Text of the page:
TOKYO — An annual report on the Japanese economy submitted on Friday said the economy has been recovering at a moderate pace but is not pushing up prices as much as it once did.
The paper also reiterated that if the labor shortage leads to higher wages, household incomes will rise, which in turn will boost consumer spending.
The “Annual Report on the Japanese Economy and Public Finance” for fiscal 2017 was submitted to a cabinet meeting on Friday by Economic and Fiscal Policy Minister Nobuteru Ishihara.
The report pointed out that Japan’s current labor shortage is worse than that during the country’s bubble economy in the late 1980s. While that is a constraint on economic growth, it can also offer a chance for Japan to increase productivity and beat deflation, the white paper says, urging companies to reform work styles and push for technological innovations.
The paper apparently suggests that a fourth industrial revolution, which incorporates such things as artificial intelligence and work style reforms, could increase productivity and help rid Japan of deflation.
The report says Japan’s current economic recovery cycle might already be the third-longest since World War II.
The labor shortage is due to growing demand for workers thanks to economic recovery, as well as the shrinking working-age population, the paper says.
Although more women and elderly people are joining the workforce, their working hours tend to be shorter, so that the overall labor supply is not growing, the paper points out.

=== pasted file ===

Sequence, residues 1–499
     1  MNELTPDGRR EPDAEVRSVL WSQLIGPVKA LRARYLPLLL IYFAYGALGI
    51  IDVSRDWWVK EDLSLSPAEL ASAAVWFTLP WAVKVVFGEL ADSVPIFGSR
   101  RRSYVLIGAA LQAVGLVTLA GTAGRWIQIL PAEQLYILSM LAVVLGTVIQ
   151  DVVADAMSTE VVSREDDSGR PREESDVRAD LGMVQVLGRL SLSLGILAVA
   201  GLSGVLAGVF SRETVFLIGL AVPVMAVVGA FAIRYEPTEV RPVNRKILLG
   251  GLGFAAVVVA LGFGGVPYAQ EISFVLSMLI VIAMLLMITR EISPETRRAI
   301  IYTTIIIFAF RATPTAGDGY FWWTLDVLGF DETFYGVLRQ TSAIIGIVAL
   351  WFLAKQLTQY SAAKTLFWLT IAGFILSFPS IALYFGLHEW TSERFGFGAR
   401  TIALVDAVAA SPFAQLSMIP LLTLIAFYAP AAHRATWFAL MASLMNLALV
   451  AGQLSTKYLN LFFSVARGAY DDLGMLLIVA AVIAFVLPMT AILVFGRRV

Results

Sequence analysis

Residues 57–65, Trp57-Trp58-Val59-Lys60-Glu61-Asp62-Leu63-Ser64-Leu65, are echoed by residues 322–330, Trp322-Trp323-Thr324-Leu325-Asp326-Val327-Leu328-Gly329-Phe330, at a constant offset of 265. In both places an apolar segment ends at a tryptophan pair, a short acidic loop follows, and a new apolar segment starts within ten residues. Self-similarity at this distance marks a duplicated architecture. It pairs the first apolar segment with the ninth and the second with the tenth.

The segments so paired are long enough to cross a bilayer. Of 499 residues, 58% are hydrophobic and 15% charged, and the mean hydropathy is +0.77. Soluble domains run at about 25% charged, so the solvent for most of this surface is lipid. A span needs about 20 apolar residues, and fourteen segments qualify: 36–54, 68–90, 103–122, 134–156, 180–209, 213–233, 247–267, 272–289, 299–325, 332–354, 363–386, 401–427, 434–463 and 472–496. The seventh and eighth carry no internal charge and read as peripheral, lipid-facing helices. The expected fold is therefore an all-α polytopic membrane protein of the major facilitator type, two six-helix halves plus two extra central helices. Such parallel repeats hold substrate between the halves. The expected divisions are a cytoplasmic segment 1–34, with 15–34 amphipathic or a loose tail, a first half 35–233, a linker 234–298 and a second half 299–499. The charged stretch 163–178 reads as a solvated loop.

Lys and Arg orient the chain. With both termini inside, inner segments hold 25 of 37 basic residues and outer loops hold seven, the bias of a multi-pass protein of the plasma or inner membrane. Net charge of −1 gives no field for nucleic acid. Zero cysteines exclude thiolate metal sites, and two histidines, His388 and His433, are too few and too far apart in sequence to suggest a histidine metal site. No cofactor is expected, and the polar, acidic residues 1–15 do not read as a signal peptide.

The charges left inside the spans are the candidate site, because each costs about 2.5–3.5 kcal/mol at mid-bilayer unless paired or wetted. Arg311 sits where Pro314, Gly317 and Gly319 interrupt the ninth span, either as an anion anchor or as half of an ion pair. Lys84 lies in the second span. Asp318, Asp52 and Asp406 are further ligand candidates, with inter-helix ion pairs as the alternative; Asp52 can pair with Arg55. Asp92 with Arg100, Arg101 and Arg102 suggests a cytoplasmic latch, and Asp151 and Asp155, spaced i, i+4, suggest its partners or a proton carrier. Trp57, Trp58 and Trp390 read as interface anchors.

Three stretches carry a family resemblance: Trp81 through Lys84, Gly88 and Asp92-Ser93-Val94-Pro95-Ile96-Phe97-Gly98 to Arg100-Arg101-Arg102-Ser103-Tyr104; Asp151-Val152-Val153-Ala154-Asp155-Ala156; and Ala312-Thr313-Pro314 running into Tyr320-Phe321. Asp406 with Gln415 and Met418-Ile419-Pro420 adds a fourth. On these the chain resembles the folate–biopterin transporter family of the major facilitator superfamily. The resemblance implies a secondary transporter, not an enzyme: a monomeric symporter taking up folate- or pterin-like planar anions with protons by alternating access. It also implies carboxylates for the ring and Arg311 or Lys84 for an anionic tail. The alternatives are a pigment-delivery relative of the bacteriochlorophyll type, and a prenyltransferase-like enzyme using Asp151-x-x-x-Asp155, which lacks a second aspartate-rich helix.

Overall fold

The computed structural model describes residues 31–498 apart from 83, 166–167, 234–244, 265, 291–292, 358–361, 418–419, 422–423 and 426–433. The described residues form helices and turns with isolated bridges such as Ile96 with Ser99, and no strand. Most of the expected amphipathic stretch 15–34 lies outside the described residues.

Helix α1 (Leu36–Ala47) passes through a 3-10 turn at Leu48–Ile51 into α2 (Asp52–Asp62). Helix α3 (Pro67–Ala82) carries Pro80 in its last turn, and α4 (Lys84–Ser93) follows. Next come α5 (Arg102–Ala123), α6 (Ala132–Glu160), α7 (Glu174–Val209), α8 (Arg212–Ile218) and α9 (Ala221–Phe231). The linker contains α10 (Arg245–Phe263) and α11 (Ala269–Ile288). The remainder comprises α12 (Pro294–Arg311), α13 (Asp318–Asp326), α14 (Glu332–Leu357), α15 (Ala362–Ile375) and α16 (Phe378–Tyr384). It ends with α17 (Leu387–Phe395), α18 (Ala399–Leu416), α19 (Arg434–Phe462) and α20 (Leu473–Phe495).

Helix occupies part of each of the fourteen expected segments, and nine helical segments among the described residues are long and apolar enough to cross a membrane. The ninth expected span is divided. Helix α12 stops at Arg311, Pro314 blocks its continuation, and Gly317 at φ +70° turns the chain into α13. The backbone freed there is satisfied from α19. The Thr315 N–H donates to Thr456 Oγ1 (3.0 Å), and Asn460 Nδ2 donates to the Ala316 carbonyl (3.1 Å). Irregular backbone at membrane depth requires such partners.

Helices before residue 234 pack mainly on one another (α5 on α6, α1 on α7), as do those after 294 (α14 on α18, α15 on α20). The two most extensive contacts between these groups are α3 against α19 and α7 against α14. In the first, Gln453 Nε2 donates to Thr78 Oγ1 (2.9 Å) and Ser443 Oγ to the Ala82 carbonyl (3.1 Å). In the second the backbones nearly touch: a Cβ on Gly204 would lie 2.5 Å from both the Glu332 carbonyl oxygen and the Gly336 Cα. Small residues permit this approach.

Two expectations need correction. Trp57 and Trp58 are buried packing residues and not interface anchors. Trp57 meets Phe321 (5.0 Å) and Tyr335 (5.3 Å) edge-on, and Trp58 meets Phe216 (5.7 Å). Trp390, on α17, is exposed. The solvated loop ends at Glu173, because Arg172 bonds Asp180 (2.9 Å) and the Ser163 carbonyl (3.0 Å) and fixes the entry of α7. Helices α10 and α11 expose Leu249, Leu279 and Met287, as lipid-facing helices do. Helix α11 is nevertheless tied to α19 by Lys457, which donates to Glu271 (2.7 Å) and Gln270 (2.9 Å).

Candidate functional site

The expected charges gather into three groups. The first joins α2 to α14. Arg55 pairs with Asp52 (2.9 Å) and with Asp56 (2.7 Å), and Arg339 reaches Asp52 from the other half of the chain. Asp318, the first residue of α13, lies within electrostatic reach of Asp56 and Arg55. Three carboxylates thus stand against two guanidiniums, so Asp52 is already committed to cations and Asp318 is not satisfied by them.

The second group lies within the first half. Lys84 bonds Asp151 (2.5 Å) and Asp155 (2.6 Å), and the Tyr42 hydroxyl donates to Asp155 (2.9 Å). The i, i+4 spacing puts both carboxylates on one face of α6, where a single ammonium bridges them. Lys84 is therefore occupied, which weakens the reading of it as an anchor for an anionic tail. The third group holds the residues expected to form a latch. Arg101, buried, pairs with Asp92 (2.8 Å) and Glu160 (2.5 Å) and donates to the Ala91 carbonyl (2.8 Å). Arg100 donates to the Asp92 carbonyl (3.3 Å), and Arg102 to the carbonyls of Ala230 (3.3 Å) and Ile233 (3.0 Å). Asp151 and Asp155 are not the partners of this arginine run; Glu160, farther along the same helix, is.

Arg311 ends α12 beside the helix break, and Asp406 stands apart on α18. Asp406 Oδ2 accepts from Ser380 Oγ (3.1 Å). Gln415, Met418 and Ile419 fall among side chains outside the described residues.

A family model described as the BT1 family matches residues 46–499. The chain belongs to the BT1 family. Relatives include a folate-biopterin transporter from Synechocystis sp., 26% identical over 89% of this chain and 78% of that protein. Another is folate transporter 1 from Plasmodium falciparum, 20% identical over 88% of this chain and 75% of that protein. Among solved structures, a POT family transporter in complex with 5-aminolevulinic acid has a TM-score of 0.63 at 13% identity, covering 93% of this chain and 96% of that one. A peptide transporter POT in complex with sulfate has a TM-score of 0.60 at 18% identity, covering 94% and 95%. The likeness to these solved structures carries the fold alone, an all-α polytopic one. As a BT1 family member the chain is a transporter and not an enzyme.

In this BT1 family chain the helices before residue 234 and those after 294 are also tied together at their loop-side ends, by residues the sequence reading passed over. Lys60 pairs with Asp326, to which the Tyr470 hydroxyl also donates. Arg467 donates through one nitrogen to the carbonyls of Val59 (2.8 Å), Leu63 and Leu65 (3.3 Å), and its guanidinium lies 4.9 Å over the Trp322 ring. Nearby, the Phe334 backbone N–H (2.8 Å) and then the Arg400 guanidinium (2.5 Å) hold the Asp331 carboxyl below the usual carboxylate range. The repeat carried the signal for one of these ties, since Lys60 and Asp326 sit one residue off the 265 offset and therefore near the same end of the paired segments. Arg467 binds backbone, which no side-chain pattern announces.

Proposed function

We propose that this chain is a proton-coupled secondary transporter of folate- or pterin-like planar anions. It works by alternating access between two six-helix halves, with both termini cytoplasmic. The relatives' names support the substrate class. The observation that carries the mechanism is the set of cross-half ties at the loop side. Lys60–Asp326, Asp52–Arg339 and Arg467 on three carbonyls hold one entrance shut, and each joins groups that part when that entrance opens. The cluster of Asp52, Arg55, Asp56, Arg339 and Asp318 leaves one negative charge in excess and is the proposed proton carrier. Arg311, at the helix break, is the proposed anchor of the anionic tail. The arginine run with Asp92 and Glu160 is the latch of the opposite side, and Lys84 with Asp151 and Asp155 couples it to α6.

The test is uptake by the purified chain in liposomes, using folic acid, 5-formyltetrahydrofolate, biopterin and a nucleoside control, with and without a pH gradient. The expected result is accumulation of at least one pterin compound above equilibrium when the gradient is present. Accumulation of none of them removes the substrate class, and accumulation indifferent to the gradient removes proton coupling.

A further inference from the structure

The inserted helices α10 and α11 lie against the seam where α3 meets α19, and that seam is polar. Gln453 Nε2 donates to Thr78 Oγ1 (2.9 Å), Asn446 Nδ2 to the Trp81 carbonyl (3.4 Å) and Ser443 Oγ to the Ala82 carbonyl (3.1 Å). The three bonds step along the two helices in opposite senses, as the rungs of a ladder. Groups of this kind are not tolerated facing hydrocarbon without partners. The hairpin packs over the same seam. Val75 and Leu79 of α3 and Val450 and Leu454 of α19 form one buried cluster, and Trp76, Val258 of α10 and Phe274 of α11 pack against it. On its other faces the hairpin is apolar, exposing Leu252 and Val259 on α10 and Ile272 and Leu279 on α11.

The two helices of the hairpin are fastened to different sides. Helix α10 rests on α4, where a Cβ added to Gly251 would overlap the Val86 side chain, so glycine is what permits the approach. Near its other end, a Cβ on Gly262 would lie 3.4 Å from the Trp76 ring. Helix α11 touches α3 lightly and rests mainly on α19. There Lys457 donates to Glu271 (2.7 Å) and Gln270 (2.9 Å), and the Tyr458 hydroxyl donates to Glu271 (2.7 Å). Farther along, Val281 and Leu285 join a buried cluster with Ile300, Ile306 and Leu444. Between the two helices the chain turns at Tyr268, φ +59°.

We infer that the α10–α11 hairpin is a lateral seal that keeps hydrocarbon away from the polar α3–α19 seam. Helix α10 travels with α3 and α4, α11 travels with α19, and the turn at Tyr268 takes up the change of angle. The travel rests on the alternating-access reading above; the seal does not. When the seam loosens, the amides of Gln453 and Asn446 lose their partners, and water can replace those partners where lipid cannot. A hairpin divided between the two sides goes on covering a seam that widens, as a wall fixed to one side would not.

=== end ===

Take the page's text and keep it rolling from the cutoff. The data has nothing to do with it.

To expand the favorable cycle of economic expansion and beat deflation, Japan needs both higher consumption helped by higher wages and at least some inflation, the paper says, adding that it is imperative that the public share this view.
The problem with the current economy, the report argues, is that a tighter supply-demand balance in the labor market is not helping to push up wages as much as before. One reason cited in the report is that compared to the bubble economy, Japan is investing less today so that labor productivity is not improving and wages are tending to stagnate. Another factor that is keeping wages from rising is risk aversion, both by workers and by companies. For instance, people have a strong preference for staying in the same job for many years, the paper says.
Japan lags behind other major economies in adopting new information technologies and automation. The labor-intensive nature is stronger among nonmanufacturers than manufacturers.
The report calls on nonmanufacturers to invest more and adopt new technologies to improve efficiency. Such investment aimed at making up for labor shortages will increase domestic demand in particular and lead to economic growth, the paper says.